With a two-story, 110,000-square-foot casino slated to begin operation in downtown Baltimore in 2014, the city’s residents have a decidedly more immediate stake in the outcome of ballot question No. 7—an expansion of gaming—than many other Maryland voters.
The referendum question asks voters to consider whether to add Las Vegas-style table games such as roulette and poker to the state’s casinos, increase the facilities’ operating times to 24 hours and build a sixth gambling parlor in Prince George’s County.
Proponents of the law say Baltimore stands to reap substantial benefits, particularly economic, from an expansion of gaming.
“There’s a possibility here for a win-win-win,” said Anirban Basu, chairman and CEO of Sage Policy Group, an economic and policy consulting firm in Baltimore. “The local government’s interests, the state government’s interests, the business community’s interests and the casino owners’ interests are all aligned here.”
An expanded gaming facility in Baltimore would garner additional tax revenues for the state. The casino, Harrah’s Baltimore, will generate about $400 million in its first year, officials said.
The city government, however, could benefit from permitting and associated fees during the development phase of the casino, its 3 percent cut of all casino revenues, plus piggyback taxes from the state, increased payroll and real estate taxes and more.
“To the extent that the state of Maryland the City of Baltimore is able to collect additional revenues, the facility will drive local and state spending and more investment in infrastructure,” particularly education, Basu said.
As written in the statute, 48.5 percent of slot machine and 15 percent of table games revenue will flow directly into the state’s Education Trust Fund. And, according to the Department of Legislative Services, that could mean about $199 million per year.
For Baltimore, a city known for a dismal public education system characterized by crowded classrooms and dilapidated school buildings, the extra funding could be critical, supporters of the bill say.
According to the law, the city will realize $1.7 million per year in additional funding for school construction if Question 7 passes.
But, the extent of those gains depends on the outcome of Question 7.
“The presence of table games has a significant role on the economic viability of the [casino],” he said, then continued, “If Question 7 fails, Baltimore would have another slots facility. And while it could have an impact [economically], it would have to compete with other slots facilities in the city.”
Earlier this year the state's Video Lottery Facility Location Commission awarded the license for the Baltimore casino to CBAC Gaming, an affiliate of Caesars Entertainment Corp. The planned $310 million facility would operate 3,750 slots on Russell Street south of M&T Bank stadium.
Caesars President John Payne reportedly told city officials this week, however, that should Question 7 pass, the casino would boost its hiring from 1,200 to 1,700 jobs and the company would increase its investment to $400 million – adding table games, more restaurants and enlarging its special events facility, the Baltimore Business Journal reported.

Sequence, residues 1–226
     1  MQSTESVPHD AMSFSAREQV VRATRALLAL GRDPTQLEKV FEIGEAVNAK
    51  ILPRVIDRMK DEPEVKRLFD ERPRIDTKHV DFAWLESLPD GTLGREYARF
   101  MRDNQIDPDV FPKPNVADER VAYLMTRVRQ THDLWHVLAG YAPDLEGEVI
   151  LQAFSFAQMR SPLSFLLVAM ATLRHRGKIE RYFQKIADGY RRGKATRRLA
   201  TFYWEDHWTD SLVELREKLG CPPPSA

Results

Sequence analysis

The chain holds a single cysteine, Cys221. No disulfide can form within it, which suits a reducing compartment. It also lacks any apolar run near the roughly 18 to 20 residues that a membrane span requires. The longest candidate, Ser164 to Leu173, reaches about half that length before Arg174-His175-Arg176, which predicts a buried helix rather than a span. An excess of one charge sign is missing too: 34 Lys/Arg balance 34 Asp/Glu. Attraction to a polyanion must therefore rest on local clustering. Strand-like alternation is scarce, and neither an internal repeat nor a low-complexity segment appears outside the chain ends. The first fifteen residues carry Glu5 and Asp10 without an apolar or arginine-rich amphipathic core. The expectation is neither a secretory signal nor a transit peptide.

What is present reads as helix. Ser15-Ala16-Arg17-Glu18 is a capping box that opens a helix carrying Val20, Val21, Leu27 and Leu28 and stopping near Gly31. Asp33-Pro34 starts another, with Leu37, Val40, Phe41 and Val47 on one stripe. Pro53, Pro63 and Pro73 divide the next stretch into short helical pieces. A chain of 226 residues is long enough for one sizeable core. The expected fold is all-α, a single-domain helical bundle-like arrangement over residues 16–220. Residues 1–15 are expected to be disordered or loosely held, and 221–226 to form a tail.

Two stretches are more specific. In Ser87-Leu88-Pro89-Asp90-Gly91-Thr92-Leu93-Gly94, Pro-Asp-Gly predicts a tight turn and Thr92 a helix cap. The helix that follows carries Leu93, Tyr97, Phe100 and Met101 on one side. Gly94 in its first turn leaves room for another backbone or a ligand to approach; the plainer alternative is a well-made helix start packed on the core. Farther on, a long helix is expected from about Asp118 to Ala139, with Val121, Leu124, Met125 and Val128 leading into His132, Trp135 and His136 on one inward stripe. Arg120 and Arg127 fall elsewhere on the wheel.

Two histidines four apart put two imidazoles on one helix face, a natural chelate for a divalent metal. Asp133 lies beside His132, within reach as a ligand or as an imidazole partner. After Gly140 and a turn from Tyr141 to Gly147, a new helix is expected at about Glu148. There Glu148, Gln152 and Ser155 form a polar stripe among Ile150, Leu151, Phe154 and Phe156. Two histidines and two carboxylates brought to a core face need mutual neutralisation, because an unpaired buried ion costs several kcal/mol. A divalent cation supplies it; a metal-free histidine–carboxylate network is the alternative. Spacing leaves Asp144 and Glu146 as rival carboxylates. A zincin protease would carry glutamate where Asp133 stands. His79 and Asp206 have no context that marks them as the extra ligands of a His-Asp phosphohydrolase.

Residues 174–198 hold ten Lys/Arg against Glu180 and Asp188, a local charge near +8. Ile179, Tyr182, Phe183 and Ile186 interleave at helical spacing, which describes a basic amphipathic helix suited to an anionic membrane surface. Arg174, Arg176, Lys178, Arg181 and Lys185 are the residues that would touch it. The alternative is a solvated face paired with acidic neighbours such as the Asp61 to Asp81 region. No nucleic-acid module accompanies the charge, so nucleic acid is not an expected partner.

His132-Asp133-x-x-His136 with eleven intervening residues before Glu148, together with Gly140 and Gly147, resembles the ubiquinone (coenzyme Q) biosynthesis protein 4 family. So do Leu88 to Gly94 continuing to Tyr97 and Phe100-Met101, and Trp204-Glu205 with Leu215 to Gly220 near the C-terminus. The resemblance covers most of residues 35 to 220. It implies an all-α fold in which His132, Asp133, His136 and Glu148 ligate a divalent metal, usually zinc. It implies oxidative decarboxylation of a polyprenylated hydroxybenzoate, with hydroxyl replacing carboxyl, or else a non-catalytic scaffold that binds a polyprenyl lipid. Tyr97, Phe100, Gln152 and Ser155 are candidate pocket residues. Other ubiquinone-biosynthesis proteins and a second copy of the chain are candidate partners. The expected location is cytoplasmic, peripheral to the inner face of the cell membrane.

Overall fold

An entertainment hub of this nature could energize the local tourism industry, casino developers and economic experts said.
“One could imagine many well-heeled tourists coming to Baltimore to a [gambling] facility near downtown and near associated amenities. One could imagine more conventions would have another reason to come to Charm City as their stakeholders would have one more option to use their free time,” Basu, the economic analyst, said.
“Out-of-state dollars increase the size of the local economy.... that’s the true source of economic growth. [And] the propensity of out-of-state residents to come to Baltimore depends on the presence of table games and the attractiveness of the facility.”
Local businesses stand to gain significantly from increased tourism and the project in general and the casino’s African-American investors are aiming to ensure that minority businesses get their piece of the pie.
“It’s truly important that when developments like this come through the city and state that minority businesses, particularly African-American-owned businesses, are included because they are such a large part of this community,” said Maria Beckett, president of the Presidents’ Roundtable (PRT), group of African-American presidents and CEOs dedicated to accelerating the growth of Black-owned businesses.
Beckett, a former information technology executive, is joined by Baltimore investor Eddie C. Brown, financial executive Cecil Flamer, financial consultant James Scott Jr. and the A&R Development Co. as the Black investors in Harrah’s Baltimore.
“At PRT TWO we have the role of identifying minority businesses in Baltimore and Maryland to work with the casino project during the development phase and after it begins operations,” Beckett added. “We’re very proud of the benefits we will bring to minority businesses in Baltimore and Maryland.”
The presence of African-American principals in the project also brings additional benefits to the local Black community through their philanthropic investments, added Theo Rodgers, president of the Baltimore-based A&R Development Co. “When we do well we make sure to give something back to the city,” he said.
While the benefits of expanded gaming in Baltimore may be many, negative impacts such as increased levels of crime and personal bankruptcies, could be expected as well, experts say. And, state and local spending directed toward mitigating these effects could increase.
But, in the case of the Baltimore casino, Rodgers said, “The positives far outweigh any potential negatives.”